2020 Tas Three Capes in one day
Three Capes in one day
South East Cape, South Cape and South West Cape
South East Cape you see in the first photos is the first of the three capes we will bag on our way home and is the most southern at 43:38.37S and 146:49.39E. There are two other capes that are further south, South Cape New Zealand at 47 degrees south and Cape Horn at 55 degrees south but we will not be rounding those. The other two of the Five Great Capes that we will round, hopefully, are Cape Leeuwin on the south west corner of Aussie and Cape Agulhas off South Africa which is further south than the Cape of Good Hope.
But we were satisfied with three local capes in one day, South East and her sisters with a light headwind and minimal swell. Perfection would have been a wind from the side back so we could sail but never mind, short and frequent are the weather windows at the moment. We were back amongst the shy albatross, gannets and shearwater as we listened to a Mayday being dealt with somewhere on the west coast of Tassie which delayed the weather forecast but resulted in a happy ending.
Tas Maritime Radio broadcasts weather bulletins three times a day giving details of the general synopsis, wind force and direction, wave heights and swell in specific areas around the entire coast including Flinders Island in the north. It is modelled on our own Shipping Forecast but is run by volunteers who do a very professional job, but not without the occasional humorous interjection. The island you see in 735 pic with the water breaking over the middle is Maatsuyker Island (Pron. Matsiker) and it gets some pretty hellish winds as you can imagine, 56 knots on one report, fortunately we were safely tucked up at the time . The volunteer coastguards who man the lighthouse and weather station have to be prepared to stay there for six months at a time because of the cost of flying them in and out. One weather report went thus,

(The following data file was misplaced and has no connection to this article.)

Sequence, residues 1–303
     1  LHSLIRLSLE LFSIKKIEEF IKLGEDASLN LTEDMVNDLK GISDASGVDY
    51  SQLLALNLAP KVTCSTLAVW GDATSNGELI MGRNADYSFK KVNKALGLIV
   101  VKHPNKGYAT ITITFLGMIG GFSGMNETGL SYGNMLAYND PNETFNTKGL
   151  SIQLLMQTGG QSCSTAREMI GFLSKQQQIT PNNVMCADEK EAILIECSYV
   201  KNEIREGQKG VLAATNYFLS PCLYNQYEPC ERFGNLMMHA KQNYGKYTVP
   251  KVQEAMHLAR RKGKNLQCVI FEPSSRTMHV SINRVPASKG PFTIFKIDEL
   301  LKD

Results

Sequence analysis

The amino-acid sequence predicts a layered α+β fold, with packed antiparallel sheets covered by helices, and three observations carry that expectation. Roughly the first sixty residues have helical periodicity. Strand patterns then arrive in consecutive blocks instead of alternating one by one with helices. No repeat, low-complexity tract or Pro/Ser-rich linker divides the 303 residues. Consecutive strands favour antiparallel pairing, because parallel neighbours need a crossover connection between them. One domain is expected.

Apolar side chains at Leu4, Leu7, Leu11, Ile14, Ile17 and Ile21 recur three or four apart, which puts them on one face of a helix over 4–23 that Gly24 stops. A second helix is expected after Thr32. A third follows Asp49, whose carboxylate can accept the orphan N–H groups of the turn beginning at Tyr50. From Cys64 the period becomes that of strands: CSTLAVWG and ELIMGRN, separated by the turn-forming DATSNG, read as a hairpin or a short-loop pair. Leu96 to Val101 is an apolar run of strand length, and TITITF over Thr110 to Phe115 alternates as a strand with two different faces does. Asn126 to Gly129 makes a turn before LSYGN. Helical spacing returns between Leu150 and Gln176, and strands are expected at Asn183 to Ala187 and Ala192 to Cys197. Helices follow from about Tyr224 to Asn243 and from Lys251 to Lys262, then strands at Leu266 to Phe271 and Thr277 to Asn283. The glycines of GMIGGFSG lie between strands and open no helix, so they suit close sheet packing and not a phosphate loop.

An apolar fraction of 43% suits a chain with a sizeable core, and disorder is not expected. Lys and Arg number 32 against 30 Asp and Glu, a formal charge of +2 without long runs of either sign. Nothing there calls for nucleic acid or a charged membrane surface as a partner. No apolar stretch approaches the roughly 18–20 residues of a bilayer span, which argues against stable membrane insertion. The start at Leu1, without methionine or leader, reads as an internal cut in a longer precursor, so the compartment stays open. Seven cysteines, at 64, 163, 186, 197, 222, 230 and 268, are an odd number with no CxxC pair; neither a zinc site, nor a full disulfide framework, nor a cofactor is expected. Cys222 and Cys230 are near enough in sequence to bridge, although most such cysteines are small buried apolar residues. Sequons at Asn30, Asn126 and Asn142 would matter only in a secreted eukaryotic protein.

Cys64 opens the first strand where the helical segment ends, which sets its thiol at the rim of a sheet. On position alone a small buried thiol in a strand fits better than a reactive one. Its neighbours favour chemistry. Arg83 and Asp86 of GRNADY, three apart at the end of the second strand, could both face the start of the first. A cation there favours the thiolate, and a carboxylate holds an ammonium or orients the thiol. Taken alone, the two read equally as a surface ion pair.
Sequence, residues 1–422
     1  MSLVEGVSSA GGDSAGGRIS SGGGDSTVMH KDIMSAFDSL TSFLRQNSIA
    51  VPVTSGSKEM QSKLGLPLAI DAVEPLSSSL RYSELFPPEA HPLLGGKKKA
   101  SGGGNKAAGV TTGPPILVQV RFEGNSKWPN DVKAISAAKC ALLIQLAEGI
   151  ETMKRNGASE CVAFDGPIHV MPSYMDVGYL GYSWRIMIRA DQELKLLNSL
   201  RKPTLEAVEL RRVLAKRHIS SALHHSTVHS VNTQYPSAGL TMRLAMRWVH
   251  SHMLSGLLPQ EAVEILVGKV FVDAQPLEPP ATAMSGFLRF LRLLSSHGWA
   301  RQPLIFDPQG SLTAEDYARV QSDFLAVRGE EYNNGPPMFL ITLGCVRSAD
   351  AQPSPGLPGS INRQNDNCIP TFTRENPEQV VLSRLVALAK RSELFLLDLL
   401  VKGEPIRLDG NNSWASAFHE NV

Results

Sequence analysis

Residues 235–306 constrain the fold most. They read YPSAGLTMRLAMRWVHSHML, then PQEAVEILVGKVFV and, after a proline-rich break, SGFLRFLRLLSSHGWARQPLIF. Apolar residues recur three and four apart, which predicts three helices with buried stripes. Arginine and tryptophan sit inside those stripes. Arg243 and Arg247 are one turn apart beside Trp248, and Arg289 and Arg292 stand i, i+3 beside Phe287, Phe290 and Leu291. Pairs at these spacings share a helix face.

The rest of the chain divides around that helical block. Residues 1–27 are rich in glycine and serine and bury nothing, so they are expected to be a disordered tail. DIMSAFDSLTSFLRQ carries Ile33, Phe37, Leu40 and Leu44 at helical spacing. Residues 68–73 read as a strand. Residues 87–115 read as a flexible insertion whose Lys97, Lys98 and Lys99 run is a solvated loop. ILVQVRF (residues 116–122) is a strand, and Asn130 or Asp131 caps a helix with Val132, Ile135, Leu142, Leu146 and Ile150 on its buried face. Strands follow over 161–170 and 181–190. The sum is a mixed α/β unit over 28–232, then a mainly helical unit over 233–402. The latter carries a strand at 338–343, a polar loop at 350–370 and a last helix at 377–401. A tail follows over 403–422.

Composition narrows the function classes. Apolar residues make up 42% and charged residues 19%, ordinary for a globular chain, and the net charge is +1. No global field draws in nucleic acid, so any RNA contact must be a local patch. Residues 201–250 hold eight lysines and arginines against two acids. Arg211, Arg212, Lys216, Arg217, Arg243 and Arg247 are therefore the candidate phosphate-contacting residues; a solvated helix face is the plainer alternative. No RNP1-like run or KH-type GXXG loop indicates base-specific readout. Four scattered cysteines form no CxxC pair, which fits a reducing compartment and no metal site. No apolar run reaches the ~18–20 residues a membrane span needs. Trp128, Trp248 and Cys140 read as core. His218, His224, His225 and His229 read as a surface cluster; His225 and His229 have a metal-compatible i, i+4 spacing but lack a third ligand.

“Maatsuyker Island, they won’t know what’s hit them, its calm!” and on another occasion, “Maatsuyker Island, this must be a misprint, CALM!”
The main fishing around Tassie seems to be crayfish, at the moment anyway; although sometimes fishermen would tell us there weren’t many out there as the men approached the end of their quotas for the season and we had to be on constant look out for their buoys with the thick ropes tying them above the pots on the rocky sea-bed below. I wouldn’t like to do this trip under engine at night.
Well offshore seals would poke their heads up to see us go past and the southern swell would build and heave towards the coast in long pale green/white mounds that crash to destruction on the rock cliffs in magnificent style. And that on a calm day. Many of the inshore areas of this coast are still unsurveyed despite the work of such illustrious sailors as Matthew Flinders and, judging by the names, Dutch and French explorers too.
Now you might think that with a headwind against us along the south coast as soon as we turned around South West Cape we might be able to sail with the wind on our beam, but it drew us around veering north as it went, the direction we were headed for the last few miles before the entrance to Bathurst Harbour. Nichola was more ambitious than us keeping her sails out to catch whatever wind they could for some forward momentum.
In photo ending 790 the entrance is to the right of the low white rock band and it was a delight, after a long day at sea making our way around southern Tassie, to glide along on the calm water with moleskin hills showing granite face in places and slip into Wombat Cove where Nichola rafted up with us for the night.